Someone knocked on my front door. From my bedroom window I could see a dash of blonde hair but nothing else. Another knock. And again. Knock. Knock. Knock. Knock. Knock.
When I opened the door she pushed inside, grabbed me by the throat and shoved me against the exposed brick wall. She loomed over me. She was dressed in brown leather boots and trousers with a sky blue linen shirt and two wide leather straps across her chest. She looked familiar. Her hair shifted revealing two pointed ears. That along with her aquiline features confirmed it.
“Do you know me?” she asked, squeezing my throat.
“…Yes…” I said. Her name was embarrassingly similar to a creature in Harry Potter so let’s just call her V. She was the main character of my first attempt at a novel, started when I was ten years old.
She let go of my throat and I felt my hair and clothes tear away from the bricks like Velcro.
“Do you know why I’m here?” V asked.
“I don’t know how you’re here,” I said.
“You never finished my story.”
“Oh.” Was that a logical explanation for why someone, who didn’t rightly exist, was standing in my hallway? If so, how many more visitors could I expect this week?
“What do you want?”
“I want you to finish my story.”
“It won’t take long, only a few more thousand words. You’ve written fifty thousand words in one month before.”
“How do you know that?” I raised my hand to my head. Suddenly every character I’d ever half-dreamed up was there, having tea parties, playing golf and scrutinizing my every move.
V threw up her hands and groaned. She ducked into my bedroom, returning with my laptop and charger cable and set them up at the end of the IKEA dining table.
“There,” she said. She came back over and steered me to the laptop by the shoulders and forced me into the chair, “Get to work.”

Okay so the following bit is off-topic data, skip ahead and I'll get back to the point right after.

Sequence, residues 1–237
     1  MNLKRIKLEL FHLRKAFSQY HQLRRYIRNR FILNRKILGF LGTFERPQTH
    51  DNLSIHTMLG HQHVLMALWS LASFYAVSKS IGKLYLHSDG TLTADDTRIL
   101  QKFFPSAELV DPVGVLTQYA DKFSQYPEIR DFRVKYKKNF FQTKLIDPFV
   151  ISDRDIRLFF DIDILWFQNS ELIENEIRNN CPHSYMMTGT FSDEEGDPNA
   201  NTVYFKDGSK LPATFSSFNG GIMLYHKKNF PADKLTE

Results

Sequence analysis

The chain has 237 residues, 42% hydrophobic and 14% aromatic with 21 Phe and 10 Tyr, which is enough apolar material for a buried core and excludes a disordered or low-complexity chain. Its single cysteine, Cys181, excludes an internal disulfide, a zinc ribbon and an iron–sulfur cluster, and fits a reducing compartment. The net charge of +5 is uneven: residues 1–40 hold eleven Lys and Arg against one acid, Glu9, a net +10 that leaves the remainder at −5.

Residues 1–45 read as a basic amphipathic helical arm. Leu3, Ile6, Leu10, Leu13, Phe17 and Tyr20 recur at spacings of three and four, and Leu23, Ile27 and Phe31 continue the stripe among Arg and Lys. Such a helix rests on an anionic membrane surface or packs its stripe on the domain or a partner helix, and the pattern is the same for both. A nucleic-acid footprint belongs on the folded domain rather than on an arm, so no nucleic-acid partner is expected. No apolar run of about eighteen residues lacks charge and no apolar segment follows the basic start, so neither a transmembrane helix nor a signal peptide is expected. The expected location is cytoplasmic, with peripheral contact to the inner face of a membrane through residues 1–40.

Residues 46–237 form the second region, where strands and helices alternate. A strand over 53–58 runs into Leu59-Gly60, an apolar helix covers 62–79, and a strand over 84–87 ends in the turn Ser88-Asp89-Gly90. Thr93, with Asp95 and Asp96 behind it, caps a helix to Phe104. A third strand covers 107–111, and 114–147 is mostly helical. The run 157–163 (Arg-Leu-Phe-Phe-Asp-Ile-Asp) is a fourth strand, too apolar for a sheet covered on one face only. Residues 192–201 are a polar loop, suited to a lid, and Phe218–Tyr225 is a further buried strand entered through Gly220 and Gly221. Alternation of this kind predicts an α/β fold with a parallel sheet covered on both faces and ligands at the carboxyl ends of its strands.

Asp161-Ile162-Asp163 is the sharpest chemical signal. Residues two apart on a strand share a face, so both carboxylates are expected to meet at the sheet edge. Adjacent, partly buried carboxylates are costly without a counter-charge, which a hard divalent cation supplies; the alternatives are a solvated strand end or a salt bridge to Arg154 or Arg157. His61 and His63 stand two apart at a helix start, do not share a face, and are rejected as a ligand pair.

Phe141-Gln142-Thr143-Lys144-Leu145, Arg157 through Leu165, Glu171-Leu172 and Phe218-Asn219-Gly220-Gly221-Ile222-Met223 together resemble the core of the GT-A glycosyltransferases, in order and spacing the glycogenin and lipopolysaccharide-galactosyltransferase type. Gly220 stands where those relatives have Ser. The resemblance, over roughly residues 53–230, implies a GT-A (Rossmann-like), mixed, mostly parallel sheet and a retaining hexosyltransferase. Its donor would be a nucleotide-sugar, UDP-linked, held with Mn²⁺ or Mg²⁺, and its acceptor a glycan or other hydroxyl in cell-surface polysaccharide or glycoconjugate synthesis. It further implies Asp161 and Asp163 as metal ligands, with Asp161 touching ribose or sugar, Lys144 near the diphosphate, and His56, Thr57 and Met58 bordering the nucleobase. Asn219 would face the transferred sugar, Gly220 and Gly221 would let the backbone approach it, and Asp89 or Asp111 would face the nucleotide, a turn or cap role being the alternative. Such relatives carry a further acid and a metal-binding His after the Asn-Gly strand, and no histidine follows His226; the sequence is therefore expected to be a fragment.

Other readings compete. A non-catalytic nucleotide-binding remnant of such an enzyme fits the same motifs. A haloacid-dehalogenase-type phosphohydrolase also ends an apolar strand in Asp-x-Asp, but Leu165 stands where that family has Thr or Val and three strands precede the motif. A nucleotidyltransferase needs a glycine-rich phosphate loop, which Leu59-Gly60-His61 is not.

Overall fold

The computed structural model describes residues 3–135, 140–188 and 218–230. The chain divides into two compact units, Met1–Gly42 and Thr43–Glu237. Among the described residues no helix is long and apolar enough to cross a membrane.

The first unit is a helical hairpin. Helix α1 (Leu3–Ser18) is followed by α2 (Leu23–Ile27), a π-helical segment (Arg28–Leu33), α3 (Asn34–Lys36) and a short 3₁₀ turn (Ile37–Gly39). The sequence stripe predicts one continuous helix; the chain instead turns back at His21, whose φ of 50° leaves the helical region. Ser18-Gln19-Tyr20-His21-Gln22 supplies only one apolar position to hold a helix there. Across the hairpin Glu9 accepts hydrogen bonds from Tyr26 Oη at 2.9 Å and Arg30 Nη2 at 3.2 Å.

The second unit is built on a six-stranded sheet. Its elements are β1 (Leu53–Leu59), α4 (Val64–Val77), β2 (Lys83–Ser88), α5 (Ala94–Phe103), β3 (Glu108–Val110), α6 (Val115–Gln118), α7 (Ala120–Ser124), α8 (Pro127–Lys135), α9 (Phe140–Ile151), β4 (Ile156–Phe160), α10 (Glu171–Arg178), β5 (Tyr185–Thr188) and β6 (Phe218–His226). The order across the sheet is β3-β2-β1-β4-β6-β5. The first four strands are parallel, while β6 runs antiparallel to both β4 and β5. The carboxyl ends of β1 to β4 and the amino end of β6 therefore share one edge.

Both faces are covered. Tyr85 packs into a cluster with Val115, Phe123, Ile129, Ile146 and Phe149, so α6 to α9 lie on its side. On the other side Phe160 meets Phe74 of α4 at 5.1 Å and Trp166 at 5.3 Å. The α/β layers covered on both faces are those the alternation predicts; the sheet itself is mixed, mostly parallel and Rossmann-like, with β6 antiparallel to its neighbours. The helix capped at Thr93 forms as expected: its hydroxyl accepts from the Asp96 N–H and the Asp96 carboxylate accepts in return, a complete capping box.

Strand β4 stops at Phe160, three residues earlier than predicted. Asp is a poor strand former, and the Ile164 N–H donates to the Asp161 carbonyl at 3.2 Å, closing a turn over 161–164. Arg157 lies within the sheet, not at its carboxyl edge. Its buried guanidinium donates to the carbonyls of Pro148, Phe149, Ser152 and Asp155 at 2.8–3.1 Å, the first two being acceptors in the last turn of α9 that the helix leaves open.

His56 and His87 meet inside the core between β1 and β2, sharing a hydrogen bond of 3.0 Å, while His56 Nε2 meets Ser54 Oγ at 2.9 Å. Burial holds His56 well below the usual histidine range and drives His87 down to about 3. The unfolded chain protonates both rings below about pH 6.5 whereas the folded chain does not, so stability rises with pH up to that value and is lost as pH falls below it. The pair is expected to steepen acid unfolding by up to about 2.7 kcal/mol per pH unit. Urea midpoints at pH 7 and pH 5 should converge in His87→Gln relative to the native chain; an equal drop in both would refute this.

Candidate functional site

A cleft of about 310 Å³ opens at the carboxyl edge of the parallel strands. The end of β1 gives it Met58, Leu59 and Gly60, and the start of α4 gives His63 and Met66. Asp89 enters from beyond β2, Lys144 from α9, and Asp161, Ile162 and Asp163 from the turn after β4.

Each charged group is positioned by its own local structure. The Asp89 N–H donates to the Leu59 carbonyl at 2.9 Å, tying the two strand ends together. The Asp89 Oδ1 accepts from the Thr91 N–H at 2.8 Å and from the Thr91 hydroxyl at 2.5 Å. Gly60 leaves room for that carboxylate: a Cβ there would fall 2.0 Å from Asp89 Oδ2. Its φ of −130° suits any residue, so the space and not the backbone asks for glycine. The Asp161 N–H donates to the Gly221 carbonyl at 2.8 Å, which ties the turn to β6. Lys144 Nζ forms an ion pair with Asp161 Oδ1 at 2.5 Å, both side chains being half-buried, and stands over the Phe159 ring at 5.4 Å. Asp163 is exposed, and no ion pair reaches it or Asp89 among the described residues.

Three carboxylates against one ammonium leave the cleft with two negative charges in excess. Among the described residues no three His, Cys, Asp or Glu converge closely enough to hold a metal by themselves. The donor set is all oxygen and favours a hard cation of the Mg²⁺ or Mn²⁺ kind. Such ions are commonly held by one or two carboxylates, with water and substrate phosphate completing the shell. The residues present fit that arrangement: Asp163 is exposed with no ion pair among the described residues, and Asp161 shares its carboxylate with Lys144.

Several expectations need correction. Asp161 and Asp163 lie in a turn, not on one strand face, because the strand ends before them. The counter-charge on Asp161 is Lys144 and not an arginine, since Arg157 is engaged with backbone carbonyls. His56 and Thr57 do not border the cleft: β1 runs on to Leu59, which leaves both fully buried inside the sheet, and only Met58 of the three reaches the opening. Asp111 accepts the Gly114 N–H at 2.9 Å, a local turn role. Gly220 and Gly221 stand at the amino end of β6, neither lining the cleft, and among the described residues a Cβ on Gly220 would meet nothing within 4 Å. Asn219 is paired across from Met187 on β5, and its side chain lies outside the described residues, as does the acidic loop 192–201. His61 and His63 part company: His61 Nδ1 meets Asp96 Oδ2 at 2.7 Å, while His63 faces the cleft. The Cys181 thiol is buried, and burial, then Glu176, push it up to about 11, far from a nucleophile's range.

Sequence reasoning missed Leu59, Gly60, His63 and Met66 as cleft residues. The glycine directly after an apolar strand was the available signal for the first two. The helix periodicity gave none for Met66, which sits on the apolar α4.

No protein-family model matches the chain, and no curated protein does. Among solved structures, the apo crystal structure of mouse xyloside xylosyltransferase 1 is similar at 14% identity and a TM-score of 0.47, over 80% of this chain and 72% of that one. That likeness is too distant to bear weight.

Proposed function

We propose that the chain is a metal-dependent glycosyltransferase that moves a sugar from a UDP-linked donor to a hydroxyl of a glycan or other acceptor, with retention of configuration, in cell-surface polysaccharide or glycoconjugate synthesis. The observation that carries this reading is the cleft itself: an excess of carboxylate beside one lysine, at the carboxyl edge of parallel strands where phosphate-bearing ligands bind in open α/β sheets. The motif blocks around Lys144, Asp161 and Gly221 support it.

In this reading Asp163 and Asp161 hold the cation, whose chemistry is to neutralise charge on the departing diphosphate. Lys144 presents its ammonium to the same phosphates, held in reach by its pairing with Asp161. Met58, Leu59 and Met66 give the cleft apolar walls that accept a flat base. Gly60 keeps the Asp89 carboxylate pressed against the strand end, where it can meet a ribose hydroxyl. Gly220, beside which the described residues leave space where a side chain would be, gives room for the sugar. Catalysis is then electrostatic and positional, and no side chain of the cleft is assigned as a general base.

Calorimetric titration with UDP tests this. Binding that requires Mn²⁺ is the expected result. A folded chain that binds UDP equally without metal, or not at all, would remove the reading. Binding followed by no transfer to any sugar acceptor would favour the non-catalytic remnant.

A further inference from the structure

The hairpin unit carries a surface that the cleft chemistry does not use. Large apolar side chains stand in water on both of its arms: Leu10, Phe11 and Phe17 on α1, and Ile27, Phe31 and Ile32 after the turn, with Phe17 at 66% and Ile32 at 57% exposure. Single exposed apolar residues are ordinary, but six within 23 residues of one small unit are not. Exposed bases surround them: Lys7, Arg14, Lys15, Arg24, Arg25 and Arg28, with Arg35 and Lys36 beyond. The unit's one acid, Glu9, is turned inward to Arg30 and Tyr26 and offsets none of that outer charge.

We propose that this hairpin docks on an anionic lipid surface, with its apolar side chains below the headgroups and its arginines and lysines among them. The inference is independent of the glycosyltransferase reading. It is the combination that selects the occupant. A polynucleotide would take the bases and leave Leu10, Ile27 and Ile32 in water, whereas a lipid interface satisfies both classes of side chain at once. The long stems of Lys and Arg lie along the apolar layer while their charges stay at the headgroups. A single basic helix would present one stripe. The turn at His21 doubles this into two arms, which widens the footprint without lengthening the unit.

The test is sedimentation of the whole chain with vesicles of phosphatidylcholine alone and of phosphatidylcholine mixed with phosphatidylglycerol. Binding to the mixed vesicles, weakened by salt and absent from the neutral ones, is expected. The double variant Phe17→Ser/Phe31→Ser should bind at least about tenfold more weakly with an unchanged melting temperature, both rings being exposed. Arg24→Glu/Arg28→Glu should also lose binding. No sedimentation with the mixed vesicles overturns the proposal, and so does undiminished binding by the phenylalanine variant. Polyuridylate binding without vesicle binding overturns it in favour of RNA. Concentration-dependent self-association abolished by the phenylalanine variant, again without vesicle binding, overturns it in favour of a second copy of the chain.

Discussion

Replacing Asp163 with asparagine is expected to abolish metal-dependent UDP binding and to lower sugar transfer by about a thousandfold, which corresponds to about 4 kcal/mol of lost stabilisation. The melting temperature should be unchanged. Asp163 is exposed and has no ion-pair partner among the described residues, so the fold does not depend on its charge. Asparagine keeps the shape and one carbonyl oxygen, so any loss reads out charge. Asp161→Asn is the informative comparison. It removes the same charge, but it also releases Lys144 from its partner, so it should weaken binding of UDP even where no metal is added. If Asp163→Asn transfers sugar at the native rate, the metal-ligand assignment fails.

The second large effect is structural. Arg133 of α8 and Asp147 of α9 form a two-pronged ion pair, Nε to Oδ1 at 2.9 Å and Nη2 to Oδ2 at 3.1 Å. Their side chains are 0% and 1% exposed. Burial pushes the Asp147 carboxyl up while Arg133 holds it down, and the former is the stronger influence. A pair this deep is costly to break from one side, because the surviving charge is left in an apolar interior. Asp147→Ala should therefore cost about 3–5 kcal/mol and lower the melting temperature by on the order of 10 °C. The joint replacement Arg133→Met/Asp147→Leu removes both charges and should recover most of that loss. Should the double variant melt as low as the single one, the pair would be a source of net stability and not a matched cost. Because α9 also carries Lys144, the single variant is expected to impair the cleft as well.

“But I don’t even write fantasy anymore,” I said.
She scoffed, “Then what do you write?”
“I write… I try to write… literary fiction.”
She laughed out loud, “The last half decent thing you wrote had a talking dog.”
“I was making a statement.”
“So was the dog.”
I turned on the laptop, “Wouldn’t you rather wait until I was a better writer. I haven’t even been published yet.”
“I don’t care about that,” she said, standing over me.
“What do you care about?”
“Look, I had a happy life when I was a kid. Mum, Dad, my pet phoenix. But you killed them.”
“Not the Phoenix.”
“Then you sent me to live in some backwards tree dwelling town with my hick relatives but even that didn’t last long. You sent me on an adventure, telling me I was going to save the world. And then what do you do?”
“Nothing. So get writing.”
I still had the story after all these years. Buried deep in a system of folders. 7652 words. I’d thought that was massive when I wrote it. I scanned the document. By the end of the almost 8000 words V had been made an orphan, moved in with relatives who were actually strangers living in a foreign culture, received a prophecy, set out on a quest, outwitted orcs and a lake spirit, been gifted with a magical sword, lost her Phoenix, was reunited with her Phoenix, and parted ways with her cousin Swan. Now what? The prophecy didn’t stand as much of a road map, it was just a plot device to get her out the door.
V was rummaging through my fridge and emerged with a Coke which she popped and sculled.
“Can you make me a coffee?” I asked.
“Does that mean you’ll finish my story?”
“I suppose it does.” My fingers skittered over the keyboard as I began to write, ideas coming quick and delicious.
V brought me my coffee and pulled over a chair to sit beside me.
“Don’t look!” I snapped, “Don’t look until it’s done.”
“Fine,” she said, picking up the sword and scabbard she had hung on the coat stand and strapping it around her hips, “I’ll be back.”
I delved into the story. I’d missed it, fantasy, the fights and magic and monsters. V and Swan ended up dual protagonists. Would be friends caught on opposite sides of the fight. It was harrowing stuff. Six hours later it was finished. I spoiled myself with a glass of $15 Sauvignon Blanc. When I heard V come in I poured her a wine as well.
“What do you think?” I asked, offering her the glass.
“You killed me,” she said, “I’m dead.”
I put the wine back on the bench, “Well, yes. But you save Swan…”
“I hate Swan.”
“I didn’t want to reconcile.”
“It was heroic, tragic… you asked for an ending.”
“I didn’t mean this.”
“Tough,” I said, “This is the ending I wrote, so this is the ending you get.”
V drew her sword and levelled it at my throat, “Rewrite it.”
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